Expert Care Manager: Challenging CQC inspection ratings

Following the roll-out of CQC’s rating system and the new Regulated Activities Regulations that came into force in April 2015, CQC is allocating new ratings for providers at an ever increasing speed.  At the time of writing this article, CQC has published ratings for 3707 care homes.  Of these, only 12 have been rated as ‘outstanding’, with the majority being rated as ‘good’ (2215 services), followed by 1252 services rated as ‘requires improvement’ and 228 receiving the lowest rating of ‘inadequate’.  Whilst the overall majority of providers have been rated as ‘Good’, what right of challenge do providers have if they are given a rating that is not truly reflective of their service?

Factual accuracy comments

The first step to challenging the findings of an inspection is through the factual accuracy process.  As was the position under CQC’s old inspection regime, providers continue to be allowed 10 working days from receipt of the draft inspection report to submit factual accuracy comments to CQC.  Providers should be aware that they can challenge judgements as well as ratings through the factual accuracy process, particularly if factual errors have been relied on to inform judgements.  Factual accuracy comments will be considered before the report is finalised and published on CQC’s website.

Rating review process

The second and final opportunity for providers to challenge the findings of an inspection through CQC’s official processes is by virtue of CQC’s rating review process.  There is limited detail in the Provider Handbooks on how providers can request a review of ratings.  However, further information is provided by CQC upon receipt of the finalised inspection report.  CQC currently states that providers have 5 working days from the date of publication of the inspection report to notify CQC that they intend to submit a rating review request and 15 working days from the date of publication to submit their full, detailed request for a review of ratings.

You will note that the deadlines refer to rating reviews taking place after publication of the inspection report.  The Provider Handbooks confirm this position stating that providers can only engage in the rating review process after publication of the inspection report on CQC’s website (albeit that CQC will state on the provider profile that the rating is being challenged).  Therefore, for providers who want to avoid negative reports being published in the first place, the factual accuracy process is more important than ever.  If providers do not agree with the content of a draft inspection report they should be submitting detailed reasons supporting why the ratings are not correct as a result of factual inaccuracies at the factual accuracy stage and also challenging the judgements made by inspectors.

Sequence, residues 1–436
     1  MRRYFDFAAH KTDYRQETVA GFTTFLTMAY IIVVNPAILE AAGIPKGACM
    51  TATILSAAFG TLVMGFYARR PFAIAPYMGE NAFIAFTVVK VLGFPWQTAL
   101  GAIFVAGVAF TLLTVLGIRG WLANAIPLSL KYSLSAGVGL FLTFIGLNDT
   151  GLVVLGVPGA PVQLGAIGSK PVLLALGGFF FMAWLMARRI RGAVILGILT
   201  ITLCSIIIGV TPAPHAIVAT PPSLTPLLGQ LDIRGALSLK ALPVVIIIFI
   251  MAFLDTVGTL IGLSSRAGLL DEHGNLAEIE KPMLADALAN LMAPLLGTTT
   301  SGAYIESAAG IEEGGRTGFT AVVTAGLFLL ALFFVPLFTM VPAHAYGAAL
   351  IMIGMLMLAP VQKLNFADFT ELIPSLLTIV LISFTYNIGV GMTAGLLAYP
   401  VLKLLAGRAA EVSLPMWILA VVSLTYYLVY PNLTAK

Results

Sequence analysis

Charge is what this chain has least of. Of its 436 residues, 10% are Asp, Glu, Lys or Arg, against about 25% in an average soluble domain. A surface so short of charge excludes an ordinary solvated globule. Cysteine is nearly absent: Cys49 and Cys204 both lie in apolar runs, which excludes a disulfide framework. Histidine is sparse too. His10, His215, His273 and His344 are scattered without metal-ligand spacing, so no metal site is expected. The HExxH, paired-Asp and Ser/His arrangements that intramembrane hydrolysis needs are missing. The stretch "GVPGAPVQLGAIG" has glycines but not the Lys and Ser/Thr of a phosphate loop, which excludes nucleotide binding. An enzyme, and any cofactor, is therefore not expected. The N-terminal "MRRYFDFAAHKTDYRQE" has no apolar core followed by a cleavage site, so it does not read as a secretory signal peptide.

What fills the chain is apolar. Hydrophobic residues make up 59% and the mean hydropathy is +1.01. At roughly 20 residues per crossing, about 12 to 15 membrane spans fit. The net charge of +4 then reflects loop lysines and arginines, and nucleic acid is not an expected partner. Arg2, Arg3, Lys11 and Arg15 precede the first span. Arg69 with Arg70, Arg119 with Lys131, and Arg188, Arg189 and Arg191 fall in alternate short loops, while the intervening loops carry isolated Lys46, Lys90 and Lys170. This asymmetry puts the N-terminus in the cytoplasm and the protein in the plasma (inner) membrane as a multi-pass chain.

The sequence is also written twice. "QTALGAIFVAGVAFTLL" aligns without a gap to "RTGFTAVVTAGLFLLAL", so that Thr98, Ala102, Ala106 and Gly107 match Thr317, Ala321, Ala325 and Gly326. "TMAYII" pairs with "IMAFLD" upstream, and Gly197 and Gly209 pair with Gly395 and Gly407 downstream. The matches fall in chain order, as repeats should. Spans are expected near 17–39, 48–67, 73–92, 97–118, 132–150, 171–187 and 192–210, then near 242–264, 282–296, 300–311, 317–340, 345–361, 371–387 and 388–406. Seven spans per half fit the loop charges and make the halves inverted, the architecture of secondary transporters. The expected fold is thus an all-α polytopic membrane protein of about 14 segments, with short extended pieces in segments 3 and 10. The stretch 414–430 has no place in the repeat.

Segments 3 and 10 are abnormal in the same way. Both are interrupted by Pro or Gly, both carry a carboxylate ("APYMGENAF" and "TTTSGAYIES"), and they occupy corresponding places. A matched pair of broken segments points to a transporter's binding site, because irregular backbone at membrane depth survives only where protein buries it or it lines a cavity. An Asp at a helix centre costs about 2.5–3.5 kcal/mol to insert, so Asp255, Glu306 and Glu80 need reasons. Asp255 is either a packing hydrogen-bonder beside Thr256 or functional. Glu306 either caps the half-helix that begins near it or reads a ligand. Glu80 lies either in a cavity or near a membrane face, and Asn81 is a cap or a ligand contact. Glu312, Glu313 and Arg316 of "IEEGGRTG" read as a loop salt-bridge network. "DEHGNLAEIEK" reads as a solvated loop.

Grounds for requesting a review

CQC also makes it clear that the only grounds for requesting a review of ratings is “that the inspector did not follow the process for making ratings decisions and aggregating them.  Providers cannot request reviews on the basis that they disagree with the judgements being made by CQC, as such disagreements would have been dealt with through the factual accuracy checks….”

Whilst the rating review process assumes that factual issues should have been dealt with appropriately at the factual accuracy stage, it does not take into account those issues that may continue to be in dispute with CQC.  For example, if providers have submitted clear evidence to counter comments made in inspection reports only for their submissions to be dismissed by CQC.  At Ridouts we have seen examples where CQC has stated it does not accept a factual accuracy comment on the basis that it is presenting new evidence that was not viewed during the inspection, and therefore the evidence will not be taken into account.  This cannot be right.  If the evidence was available at the time of the inspection but the inspectors failed to view it and drew incorrect conclusions as a result then it should be taken into account at the factual accuracy stage when presented to CQC.  If it is not considered at the factual accuracy stage then logically it follows that providers should be able to present the information as part of the rating review request, this being the last formal opportunity for providers to challenge the findings of inspection reports.

However, CQC appears to be applying a very narrow approach to the review of ratings.  It seems unlikely that the rating review team will review evidence of a factual nature as they consider the facts to be correct at this stage.  However, CQC may be more amenable to the argument that the inspectors failed to carry out an adequate investigation and sufficient enquiry in line with CQC’s own published guidance, therefore linking the factual inaccuracies with inadequacies in the application of CQC’s own inspection methodology.

Conclusion

The narrow remit of the rating review process described above highlights the increasing importance for providers to challenge the content of inspection reports at the factual accuracy stage.  Providers should be submitting detailed reasons to support their argument against CQC’s judgements and factual inaccuracies given that this is their only opportunity to challenge the factual content of the report.  Once it gets to the rating review stage the CQC guidance indicates that it will consider the facts as stated in the inspection report to be correct and will only look at the process followed by inspectors to reach the rating.  Therefore, when submitting a rating review request providers should be considering whether CQC has followed its published processes properly in reaching the ratings for the service.

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